NPR logo

Presidents of Afghanistan, Pakistan Dine with Bush

  • Download
  • <iframe src="" width="100%" height="290" frameborder="0" scrolling="no" title="NPR embedded audio player">
  • Transcript
Presidents of Afghanistan, Pakistan Dine with Bush


Presidents of Afghanistan, Pakistan Dine with Bush

Presidents of Afghanistan, Pakistan Dine with Bush

  • Download
  • <iframe src="" width="100%" height="290" frameborder="0" scrolling="no" title="NPR embedded audio player">
  • Transcript

President Bush brought together two allies in the fight against terrorism over dinner at the White House on Wednesday night. The honored guests were President Pervez Musharraf of Pakistan and President Hamid Karzai of Afghanistan. The two men have recently been fighting their own war of words.


This is MORNING EDITION from NPR News. I'm Renee Montagne.


And I'm Steve Inskeep. Good morning.

Three allies in the war against terrorism had dinner together at the White House last night. The honored guests of President Bush were President Pervaiz Musharraf of Pakistan and President Hamid Karzai of Afghanistan. Before dinner the guests shook hands with President Bush but not with each other, which counts as another sign of tension between the two leaders. Mr. Bush praised each as the three leaders posed for pictures in the Rose Garden last night.

President GEORGE W. BUSH: They are strong leaders who have a understanding of the world in which we live. They understand that the forces of moderation are being challenged by extremists and radicals, and we're working closely together to help improve the lives of the people in Afghanistan and the people in Pakistan.

INSKEEP: The trouble of course is the less than warm relationship between the two presidents. NPR White House correspondent Don Gonyea is following this story. And, Don, how was dinner?


Well, you know, they didn't allow the press in to join the dinner. We do know that they had spicy sea bass and soup and salad and pumpkin cake. But we can also assume that the conversation was quite serious.

It's an understatement to say that this is a critical region, a critical part of the world. And here's what's on the table - the table as far as the discussions go - Afghanistan is really working to try to control a resurgent Taliban five years after the Taliban government was toppled.

Karzai's government is considered weak. In Pakistan, Musharraf has areas of the country he doesn't control. He signed a peace deal recently with tribal leaders. That's been seen as good news to the Taliban operating out of his country.

Osama bin Laden of course is still at large and is believed to be hiding in that mountainous border region between these two countries. Finding him obviously requires cooperation and coordination.

So simply put, President Bush really sees this as a crucial time.

INSKEEP: Are these two presidents, who weren't even willing to shake hands, ready to work with each other?

GONYEA: Well, the body language seems to tell a lot. And this is a moment when the whole world is watching them and they seem not ready to get along at all. So you can imagine what it's like when they get back to their own countries.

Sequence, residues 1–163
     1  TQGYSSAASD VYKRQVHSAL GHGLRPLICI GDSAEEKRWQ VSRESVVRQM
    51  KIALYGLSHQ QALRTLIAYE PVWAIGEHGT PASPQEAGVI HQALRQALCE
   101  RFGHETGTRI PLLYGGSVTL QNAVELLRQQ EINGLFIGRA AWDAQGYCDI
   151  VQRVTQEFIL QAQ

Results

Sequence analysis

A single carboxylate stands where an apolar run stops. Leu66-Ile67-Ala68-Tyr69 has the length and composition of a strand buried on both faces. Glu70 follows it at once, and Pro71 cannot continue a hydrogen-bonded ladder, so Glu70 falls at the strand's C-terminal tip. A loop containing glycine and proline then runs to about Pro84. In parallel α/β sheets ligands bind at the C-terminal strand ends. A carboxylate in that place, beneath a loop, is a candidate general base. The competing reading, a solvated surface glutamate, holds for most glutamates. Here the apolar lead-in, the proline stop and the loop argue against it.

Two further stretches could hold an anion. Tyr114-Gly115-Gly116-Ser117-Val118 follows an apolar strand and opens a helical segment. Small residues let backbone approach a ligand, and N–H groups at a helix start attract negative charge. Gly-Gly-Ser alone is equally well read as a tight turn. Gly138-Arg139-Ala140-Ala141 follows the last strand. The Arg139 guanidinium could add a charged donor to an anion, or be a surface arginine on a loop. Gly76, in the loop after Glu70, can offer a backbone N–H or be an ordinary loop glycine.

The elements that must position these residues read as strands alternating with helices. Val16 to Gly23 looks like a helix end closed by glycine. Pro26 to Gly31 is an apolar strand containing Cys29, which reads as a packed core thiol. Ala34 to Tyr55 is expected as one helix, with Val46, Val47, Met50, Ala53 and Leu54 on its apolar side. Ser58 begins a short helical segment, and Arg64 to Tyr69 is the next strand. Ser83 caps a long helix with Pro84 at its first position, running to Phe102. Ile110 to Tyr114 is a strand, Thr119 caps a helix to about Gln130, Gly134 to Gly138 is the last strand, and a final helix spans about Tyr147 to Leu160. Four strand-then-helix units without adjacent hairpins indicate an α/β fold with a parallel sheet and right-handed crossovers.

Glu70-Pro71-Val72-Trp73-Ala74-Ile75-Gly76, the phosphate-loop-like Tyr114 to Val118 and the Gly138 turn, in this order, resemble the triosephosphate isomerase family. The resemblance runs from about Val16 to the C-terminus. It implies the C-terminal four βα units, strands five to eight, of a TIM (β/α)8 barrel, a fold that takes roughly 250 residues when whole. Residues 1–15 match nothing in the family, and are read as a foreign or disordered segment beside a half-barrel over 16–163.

It does seem a bit forced. Each has been in the U.S. for more than a week because of United Nations meetings up in New York, and Musharraf has been on a book tour. Each has done interviews with the press. Each has, at times, blamed the other for not doing enough to deal with extremists in their own countries. There's been lots of finger pointing, and we'll have to see if the president was able to get them to at least keep that in private last night.

INSKEEP: We're talking with NPR White House correspondent Don Gonyea. And, Don, I want to ask about one other issue. The president is seen as being on the defensive because of this intelligence report, that's now been declassified partially, saying that the war in Iraq has actually led to increased support for jihadists around the world. What are White House officials saying to defend themselves?

GONYEA: Well, yesterday they were on the offensive again. And here's the basic argument the administration was putting forth. While acknowledging that the Iraq war may be driving up resentment of the U.S. and that it may indeed be creating more supporters of a global jihadist movement, that that doesn't necessarily mean that these new supporters of jihad are ready to go out and take up arms and carry out violence. Here is Press Secretary Tony Snow talking about it yesterday.

Mr. TONY SNOW (White House Press Secretary): What bin Laden tries to do is to use events as a way of storing up hatred so that he can get people who will support him. That does not mean - and I want to make the distinction. People who say, yes, I support bin Laden is a lot different than people who say, I'm strapping on the vest and going to kill Americans. That's a difference.

GONYEA: And, Steve, Snow stresses al-Qaida is much weaker than it was because its leadership and training operations have been disrupted, its finances are being tracked, because the U.S. has been on the offensive.

INSKEEP: Okay, thanks very much. That's NPR White House correspondent Don Gonyea.

Copyright © 2006 NPR. All rights reserved. Visit our website terms of use and permissions pages at for further information.

NPR transcripts are created on a rush deadline by Verb8tm, Inc., an NPR contractor, and produced using a proprietary transcription process developed with NPR. This text may not be in its final form and may be updated or revised in the future. Accuracy and availability may vary. The authoritative record of NPR’s programming is the audio record.